Inverse Game Reviews

Marvel's Avengers is a better Destiny 2 with actual heroes

Inverse Score: 8/10

Spending a few hours with Marvel's Avengers gave me a headache.

I actually mean that in a good way. The newest Marvel game is a dizzying experience that is tremendously fun with friends, especially when you all dig the House of Ideas. While its eccentricities and early growing pains as a live-service game were occasionally frustrating, I found myself enjoying Marvel's Avengers more often than not.

A vast improvement over the bland beta, Marvel's Avengers is destined to be an evergreen fixture in many a gaming rotation. That there hasn't been a new Marvel movie all year — who knows if we'll actually see Black Widow in November — aids the game's appeal as a substitute. You may play it endlessly for hours at launch; you may not. But you're going to play it, and likely for a lot longer than you might expect.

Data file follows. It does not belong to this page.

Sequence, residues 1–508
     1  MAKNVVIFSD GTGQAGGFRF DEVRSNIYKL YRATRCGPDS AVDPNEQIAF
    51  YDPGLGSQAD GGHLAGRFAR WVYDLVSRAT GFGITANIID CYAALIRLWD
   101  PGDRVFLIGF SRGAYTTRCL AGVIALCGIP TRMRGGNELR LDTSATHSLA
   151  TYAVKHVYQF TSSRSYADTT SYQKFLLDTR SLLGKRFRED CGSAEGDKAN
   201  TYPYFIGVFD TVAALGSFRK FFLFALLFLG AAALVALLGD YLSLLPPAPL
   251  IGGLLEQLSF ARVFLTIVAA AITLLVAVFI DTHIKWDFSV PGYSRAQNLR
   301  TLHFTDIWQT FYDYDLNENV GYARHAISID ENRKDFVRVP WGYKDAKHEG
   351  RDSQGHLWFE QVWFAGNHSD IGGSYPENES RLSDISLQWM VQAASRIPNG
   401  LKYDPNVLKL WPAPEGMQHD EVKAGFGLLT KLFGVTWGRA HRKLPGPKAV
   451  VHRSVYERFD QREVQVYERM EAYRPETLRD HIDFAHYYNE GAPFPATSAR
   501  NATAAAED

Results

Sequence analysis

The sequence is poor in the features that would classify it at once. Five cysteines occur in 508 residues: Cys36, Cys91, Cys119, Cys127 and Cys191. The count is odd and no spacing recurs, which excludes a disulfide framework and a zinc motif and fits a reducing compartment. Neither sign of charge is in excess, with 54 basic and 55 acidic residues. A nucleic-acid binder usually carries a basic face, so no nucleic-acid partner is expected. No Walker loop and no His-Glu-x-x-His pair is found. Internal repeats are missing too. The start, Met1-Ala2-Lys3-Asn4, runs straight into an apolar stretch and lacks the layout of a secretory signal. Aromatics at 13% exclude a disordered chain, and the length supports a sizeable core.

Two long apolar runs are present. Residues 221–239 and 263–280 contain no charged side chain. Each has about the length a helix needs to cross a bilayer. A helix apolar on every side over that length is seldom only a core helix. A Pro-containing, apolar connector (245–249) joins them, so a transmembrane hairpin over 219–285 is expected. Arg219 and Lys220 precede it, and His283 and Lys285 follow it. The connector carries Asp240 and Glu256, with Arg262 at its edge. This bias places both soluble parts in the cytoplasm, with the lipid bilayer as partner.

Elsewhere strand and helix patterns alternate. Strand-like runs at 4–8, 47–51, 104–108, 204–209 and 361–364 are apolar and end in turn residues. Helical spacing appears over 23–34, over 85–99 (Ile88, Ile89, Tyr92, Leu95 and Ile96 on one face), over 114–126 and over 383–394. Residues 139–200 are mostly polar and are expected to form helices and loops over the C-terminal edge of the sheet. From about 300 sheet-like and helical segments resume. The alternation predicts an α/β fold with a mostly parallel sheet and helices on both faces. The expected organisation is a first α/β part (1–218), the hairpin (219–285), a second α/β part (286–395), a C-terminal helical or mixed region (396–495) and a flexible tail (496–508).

Developed by Crystal Dynamics and published by Square Enix, Marvel's Avengers is an action game heavily inspired by the Marvel Comics universe. While much of Avengers begins as an exploration game reminiscent of Crystal Dynamics' Tomb Raider trilogy (right down to scratched walls indicating climbing and frequently pressing "Up" on the D-pad to search for scattered goodies), Avengers morphs into a live-service co-op game as more Avengers are unlocked. The game's mission structure and "gear" upgrades make Avengers a kind of superhero Destiny 2. Drop in, fight bad guys, go somewhere, hold X or Square, repeat.

This could have been a disaster. Thankfully, Avengers is simply a blast to play.

'Marvel's Avengers' translates the ensemble comic book team-up into an addicting multiplayer game.

Square Enix

A new universe

While aesthetically and spiritually inspired by the Marvel Cinematic Universe, Marvel's Avengers takes place in its own canon that draws just as much inspiration from the comics. Kamala Khan/Ms. Marvel, who debuted in comics in 2014 and will star in her own Disney+ series, is the primary entryway into this sprawling universe.

Five years ago, a disastrous event in San Francisco known as "A-Day" resulted in the death of Captain America and millions of innocent people with dangerous superpowers. The creation of these "Inhumans" forced the Avengers to disband. Kamala, a superfan of the Avengers and secretly an Inhuman, seeks the truth behind A-Day, kicking off a globe-trotting journey where she helps reassemble the Avengers.